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An American Scientist Found Dead In Greece May Have Been Raped By Her Attacker

Suzanne Eaton, 59, went missing July 2 while attending a conference in Crete. Her body was found in a World War II–era bunker six days later.

Posted on July 16, 2019, at 5:33 p.m. ET

Suzanne Eaton / Facebook / Via Facebook: suzanne.eaton.33

A US scientist who was found dead in Greece last week had multiple broken bones and may have been raped by her attacker before he abandoned her in an old military bunker, authorities said Tuesday.

Suzanne Eaton, 59, a molecular biologist at the Max Planck Institute of Molecular Cell Biology and Genetics in Dresden, Germany, disappeared July 2 while attending a conference on the island of Crete. Her body was found six days later in a World War II–era bunker.

A 27-year-old Crete man who was detained in connection with her death has confessed to the crime, Crete police officials said.

The suspect, whose name has not been released in accordance with Greek law, told officials he had “anger inside him” and was in search of “sexual satisfaction” when he came across the renowned biologist, police said at a press conference Tuesday.

The suspect hit Eaton with his car twice to immobilize her before putting her injured body in the trunk of his car, police said. The man then drove about 10 kilometers to the old military bunker where he allegedly raped her for more than an hour.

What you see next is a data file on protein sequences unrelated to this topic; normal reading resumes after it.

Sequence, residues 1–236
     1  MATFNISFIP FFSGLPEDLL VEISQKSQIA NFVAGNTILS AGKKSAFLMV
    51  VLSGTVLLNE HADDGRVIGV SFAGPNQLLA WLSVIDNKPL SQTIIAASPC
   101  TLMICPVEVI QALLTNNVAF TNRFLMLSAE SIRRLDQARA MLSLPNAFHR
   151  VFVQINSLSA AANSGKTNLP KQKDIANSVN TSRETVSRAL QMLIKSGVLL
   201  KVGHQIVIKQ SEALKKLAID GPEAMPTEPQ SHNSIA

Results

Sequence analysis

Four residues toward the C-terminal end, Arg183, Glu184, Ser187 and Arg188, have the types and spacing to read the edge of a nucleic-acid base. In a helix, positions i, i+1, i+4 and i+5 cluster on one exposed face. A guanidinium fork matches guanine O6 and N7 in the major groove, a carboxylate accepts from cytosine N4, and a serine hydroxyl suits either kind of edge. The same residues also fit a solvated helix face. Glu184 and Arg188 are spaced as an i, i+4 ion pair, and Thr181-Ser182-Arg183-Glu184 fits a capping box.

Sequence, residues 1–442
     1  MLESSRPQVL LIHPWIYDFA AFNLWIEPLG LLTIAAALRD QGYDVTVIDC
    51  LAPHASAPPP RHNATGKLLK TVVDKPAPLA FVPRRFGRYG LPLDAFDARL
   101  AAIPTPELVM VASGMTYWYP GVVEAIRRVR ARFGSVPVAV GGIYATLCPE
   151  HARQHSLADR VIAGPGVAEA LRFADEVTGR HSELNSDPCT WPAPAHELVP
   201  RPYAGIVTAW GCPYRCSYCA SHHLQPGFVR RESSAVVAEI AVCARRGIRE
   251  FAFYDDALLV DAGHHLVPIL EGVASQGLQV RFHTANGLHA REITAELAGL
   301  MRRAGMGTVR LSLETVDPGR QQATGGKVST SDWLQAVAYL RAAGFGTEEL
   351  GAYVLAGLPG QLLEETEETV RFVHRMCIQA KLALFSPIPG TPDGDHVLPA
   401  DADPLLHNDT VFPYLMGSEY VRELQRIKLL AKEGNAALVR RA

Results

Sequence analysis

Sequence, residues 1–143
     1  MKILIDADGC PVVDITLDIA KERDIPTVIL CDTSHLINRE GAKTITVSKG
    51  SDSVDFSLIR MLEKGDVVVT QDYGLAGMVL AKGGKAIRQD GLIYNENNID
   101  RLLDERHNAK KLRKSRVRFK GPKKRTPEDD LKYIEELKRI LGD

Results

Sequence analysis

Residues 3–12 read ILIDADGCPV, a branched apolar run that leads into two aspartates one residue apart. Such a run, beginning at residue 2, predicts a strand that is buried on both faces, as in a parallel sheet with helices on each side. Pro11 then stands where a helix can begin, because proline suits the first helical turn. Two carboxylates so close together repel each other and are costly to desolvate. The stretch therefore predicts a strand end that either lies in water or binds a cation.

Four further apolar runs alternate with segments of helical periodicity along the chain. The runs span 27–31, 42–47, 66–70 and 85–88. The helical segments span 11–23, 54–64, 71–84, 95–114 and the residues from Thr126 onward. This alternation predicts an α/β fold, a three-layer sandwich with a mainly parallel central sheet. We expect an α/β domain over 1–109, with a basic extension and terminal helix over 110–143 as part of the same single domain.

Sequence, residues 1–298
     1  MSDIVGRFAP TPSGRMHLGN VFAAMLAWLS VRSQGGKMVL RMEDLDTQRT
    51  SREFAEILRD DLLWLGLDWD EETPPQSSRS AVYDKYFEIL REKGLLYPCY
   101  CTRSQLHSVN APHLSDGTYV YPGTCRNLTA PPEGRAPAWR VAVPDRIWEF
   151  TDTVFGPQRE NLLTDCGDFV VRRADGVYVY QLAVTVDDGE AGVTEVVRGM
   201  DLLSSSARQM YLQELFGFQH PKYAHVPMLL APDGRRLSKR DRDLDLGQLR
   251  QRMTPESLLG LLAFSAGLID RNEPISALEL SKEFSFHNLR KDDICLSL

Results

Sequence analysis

The man told police Eaton was unconscious during the sexual assault, but it was not clear if she was still alive at that point. He then left her body in the bunker and drove to a nearby cemetery to clean his trunk.

A coroner determined the scientist died of asphyxiation. Police said the cause of death may have been the result of her broken bones and how the suspect discarded her body.

The suspect was due to be arraigned Tuesday, according to Reuters.

Eaton’s family said on a Facebook page titled “Searching for Suzanne” that Eaton may have gone on a run the afternoon of July 2 when she disappeared.

Born in Oakland, Eaton studied at Brown University and the University of California, Los Angeles. She was a founding member of the Max Planck Institute and was one of its senior research group leaders.

She was married and had two children.

“We are deeply shocked and disturbed by this tragic event,” the institute said in a statement last week. “Suzanne was an outstanding and inspiring scientist, a loving spouse and mother, an athlete as well as a truly wonderful person beloved to us all. Her loss is unbearable.”

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